Whatever you think about this movie, you have to feel sorry for it. Its creators had no way of knowing that the subsequent Thomas Harris movies would completely recreate these characters and the world in which they live; certainly they had no idea Hannibal Lecter would become the Darth Vader-level icon he is now. What's worse, the movie's DVD packaging boldly calls it "far better than The Silence of the Lambs," thus ensuring that legions of new viewers will unfairly compare Manhunter to its better funded, more recent pseudosequels. Watch this movie by itself, not as part of a trilogy.

With that out of the way, Manhunter is a pretty decent film. Some scenes build suspense very effectively, leaving the audience with no idea of what to expect. The first on-screen appearance of the killer is quite a shocker, and the subplot in which he romances a blind woman brings a striking degree of pathos to his character. While William Petersen occasionally overplays his part (especially when he's collecting evidence by himself and starts randomly yelling at the killer), his delivery in the grocery store scene where he explains himself to his son is both touching and chilling at the same time.

Now the bad. The mid-'80s soundtrack is tremendously annoying and dates the film terribly. With the exception of the Iron Butterfly songs the killer plays in his van and his house, all of the music in this movie should have been replaced by a dark and insinuating orchestral score. Also, why would they keep people like Hannibal Lecter in white clothes in a completely white asylum? You couldn't even see him if he tried to escape! But in general the movie succeeds, and it's essential viewing for fans of Thomas Harris and Hannibal Lecter.

And no matter what anybody says, Hopkins is better.
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Sôseiji (1999)
9/10
Tsukamoto's best?
5 September 2001
First things first: somebody needs to officially release this film in the United States. I see three thousand copies of Dude, Where's My Car every time I step outside, but when I want to see a beautiful and interesting film like Gemini, I have to track down a dubious bootleg on eBay. Pitiful.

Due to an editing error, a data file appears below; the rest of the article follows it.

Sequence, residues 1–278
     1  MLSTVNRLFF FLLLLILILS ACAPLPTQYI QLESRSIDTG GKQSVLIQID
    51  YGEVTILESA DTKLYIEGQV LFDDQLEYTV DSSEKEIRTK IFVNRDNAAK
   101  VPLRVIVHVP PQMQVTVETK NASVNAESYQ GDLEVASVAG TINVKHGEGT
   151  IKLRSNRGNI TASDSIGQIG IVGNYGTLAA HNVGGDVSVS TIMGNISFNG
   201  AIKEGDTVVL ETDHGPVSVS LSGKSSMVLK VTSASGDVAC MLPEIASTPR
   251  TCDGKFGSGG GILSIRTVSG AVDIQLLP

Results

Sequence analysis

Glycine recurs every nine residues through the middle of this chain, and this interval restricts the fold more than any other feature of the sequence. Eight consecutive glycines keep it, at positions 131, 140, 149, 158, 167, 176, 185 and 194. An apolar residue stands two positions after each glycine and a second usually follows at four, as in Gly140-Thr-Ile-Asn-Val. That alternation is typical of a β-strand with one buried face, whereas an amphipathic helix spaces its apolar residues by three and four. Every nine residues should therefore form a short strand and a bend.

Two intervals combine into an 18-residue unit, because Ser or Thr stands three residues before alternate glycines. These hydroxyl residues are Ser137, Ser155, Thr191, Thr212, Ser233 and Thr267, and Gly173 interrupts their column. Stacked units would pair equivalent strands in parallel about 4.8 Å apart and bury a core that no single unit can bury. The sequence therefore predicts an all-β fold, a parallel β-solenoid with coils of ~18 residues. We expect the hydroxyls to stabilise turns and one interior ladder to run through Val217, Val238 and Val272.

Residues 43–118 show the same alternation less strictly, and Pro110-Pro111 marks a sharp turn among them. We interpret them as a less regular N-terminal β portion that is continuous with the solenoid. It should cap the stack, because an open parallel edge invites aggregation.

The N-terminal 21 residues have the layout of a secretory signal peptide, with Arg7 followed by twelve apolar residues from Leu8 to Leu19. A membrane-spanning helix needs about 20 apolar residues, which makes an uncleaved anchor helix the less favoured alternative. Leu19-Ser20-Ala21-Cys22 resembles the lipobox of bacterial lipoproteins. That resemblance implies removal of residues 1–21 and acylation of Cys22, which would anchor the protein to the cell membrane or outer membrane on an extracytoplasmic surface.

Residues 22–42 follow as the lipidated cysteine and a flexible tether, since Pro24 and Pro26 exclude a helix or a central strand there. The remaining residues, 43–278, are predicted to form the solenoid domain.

The plot concerns a rich doctor suddenly thrown into a well by a man who looks exactly like him. The mysterious doppelganger takes over the doctor's identity, his household, and his wife, all the while laughing and taunting down the well at his imprisoned twin. As the mysterious lookalike gradually reveals the truth to the doctor, it becomes less and less certain which of the twins is the "hero" and which is the "villain."

Shinya Tsukamoto isn't a great director yet, but he's getting there. With Gemini he reveals a tremendous versatility, combining moments of sedate drama with hyperkinetic sequences of terror and joy. The actors are all magnificent (especially Masahiro Motoki in a complex double role), the cinematography is stunning, and the story is thoroughly intriguing and well told. It's not the best movie ever made by any means, but here and there Tsukamoto manages a few moments of real greatness, scenes where we genuinely become one with these characters and their needs. Watch the doctor, defeated and filthy at the bottom of his well, beg for a release from his suffering; watch the wife burst into tears as she remembers her past existence.

Tsukamoto knows what he's doing. He hasn't quite achieved true greatness yet, but one day he may just break through.
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Goku Midnight Eye (1989– )
8/10
Great little guilty pleasure
4 April 2001
Yoshiaki Kawajiri is so fun. You see, there are a lot of stereotypes about anime, labeling the genre as a shallow excuse to animate women being violated and blood spurting in every direction. Those stereotypes developed largely in response to the films of Yoshiaki Kawajiri. And if you can appreciate his movies for what they are, you'll have a blast watching them.